Referring now to the drawings and first to
The catalyst flow becomes uniform as it moves up the vertical portion of the conduit 16. A plurality of main feed injectors 18 are connected to the riser reactor 12 at the downstream end of the conduit 16, where the catalyst flow is usually uniform. In the embodiment shown in the figures, the injectors 18 are slanted upwardly to direct the main feed generally in the direction of catalyst flow. However, these injectors could be slanted downwardly. At the same vertical height as the main feed injectors 18, a plurality of injectors 20 for heavier feed also can be disposed. The heavy feed injectors 20 also are slanted upwardly to direct the heavy feed generally in the direction of catalyst flow. However these could also be positioned to inject the feed downwardly. The heavier hydrocarbons are more difficult to vaporize or crack than the hydrocarbons in the main feed. It is advantageous for the heavy feed to be injected separately from the main feed instead of blending it with the main feed and feeding it through the same injectors. The inventors have found that by injecting the heavy feed separately, the larger/heavier molecules see or meet the high temperature catalyst particles separately and get vaporized quickly. On the other hand, when heavy feed is injected with the main feed as described in U.S. Pat. No. 5,846,403, the larger/heavier molecules see or meet the catalyst particles that have been quenched or cooled by the lighter/smaller molecules of the main feed. Thus, some heavier molecules may not vaporize. This leads to higher coke formation and deterioration of the FCC unit performance. In addition, the heavier feed may sometimes contain catalyst or solid particles, particularly if it constitutes a recycle of the heavier fraction from the FCC product slate. Such situations require special or different design of the injectors for the heavy feed. If the heavier feed with solids in it is mixed with the injectors designed for the main feed, the injectors will be eroded by the catalyst particles and the unit performance will deteriorate.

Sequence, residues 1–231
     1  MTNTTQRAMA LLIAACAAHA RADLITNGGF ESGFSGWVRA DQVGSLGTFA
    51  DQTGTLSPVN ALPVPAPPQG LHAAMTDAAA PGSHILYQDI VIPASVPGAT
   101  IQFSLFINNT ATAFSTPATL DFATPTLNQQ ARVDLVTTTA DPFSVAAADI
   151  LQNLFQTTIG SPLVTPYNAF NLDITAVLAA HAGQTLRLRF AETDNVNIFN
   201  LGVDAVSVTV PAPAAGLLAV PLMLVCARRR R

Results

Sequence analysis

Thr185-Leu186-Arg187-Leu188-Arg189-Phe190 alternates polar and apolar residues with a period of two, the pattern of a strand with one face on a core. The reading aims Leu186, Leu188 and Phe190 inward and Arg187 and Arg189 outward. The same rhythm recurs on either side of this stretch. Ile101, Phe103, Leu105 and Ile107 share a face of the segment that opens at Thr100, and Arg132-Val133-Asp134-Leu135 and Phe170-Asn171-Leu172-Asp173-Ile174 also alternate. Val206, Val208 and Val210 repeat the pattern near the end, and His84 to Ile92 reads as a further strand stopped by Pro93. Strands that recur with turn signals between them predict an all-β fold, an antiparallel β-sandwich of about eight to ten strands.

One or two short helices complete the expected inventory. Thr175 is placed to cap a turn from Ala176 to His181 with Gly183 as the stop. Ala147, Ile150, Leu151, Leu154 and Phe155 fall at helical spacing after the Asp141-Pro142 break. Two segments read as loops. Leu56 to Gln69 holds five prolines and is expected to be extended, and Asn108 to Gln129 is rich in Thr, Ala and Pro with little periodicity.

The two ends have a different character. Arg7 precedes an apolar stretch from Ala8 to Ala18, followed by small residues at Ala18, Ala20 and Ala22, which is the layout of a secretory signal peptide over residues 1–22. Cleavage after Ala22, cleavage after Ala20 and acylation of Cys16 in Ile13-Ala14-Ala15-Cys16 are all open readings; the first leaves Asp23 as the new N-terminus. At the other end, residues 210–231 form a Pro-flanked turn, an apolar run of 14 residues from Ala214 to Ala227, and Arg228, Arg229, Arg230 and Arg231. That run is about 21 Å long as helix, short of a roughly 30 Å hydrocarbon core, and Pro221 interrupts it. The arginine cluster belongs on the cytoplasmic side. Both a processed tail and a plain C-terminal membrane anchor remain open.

As used herein, the “main feed” has a boiling point in the range of 400° F. to 1150° F. if measured at atmospheric pressure, more preferably 430° F. to 1100° F., and most preferably 460° F.-1050° F. The “heavy feed” has a boiling point when measured at atmospheric pressure in the range of 570-1275° F. typically 600° F. to 1250° F., and more preferably 650° F. to 1250° F. The “light feed” has a lower boiling point than the main feed and typically has a boiling point when measured at atmospheric pressure of 440° F. or less, more preferably 430° F. or less and most preferably 400° F. or less.
Conventional FCC catalysts can be used in accordance with the invention, including but not limited to those with a crystalline tetrahedral framework oxide component. Preferably, the catalyst is selected from the group consisting of catalysts based on zeolite crystalline structure. More preferably, the catalyst is based on an Ultra stable Y (USY) Zeolite with a high Silica to Alumina ratio. This FCC catalyst may be used either alone or in combination with a shape selective pentasil zeolite catalyst structure like ZSM-5 that converts larger linear hydrocarbon compounds, such as olefins, to smaller olefins.
As is shown in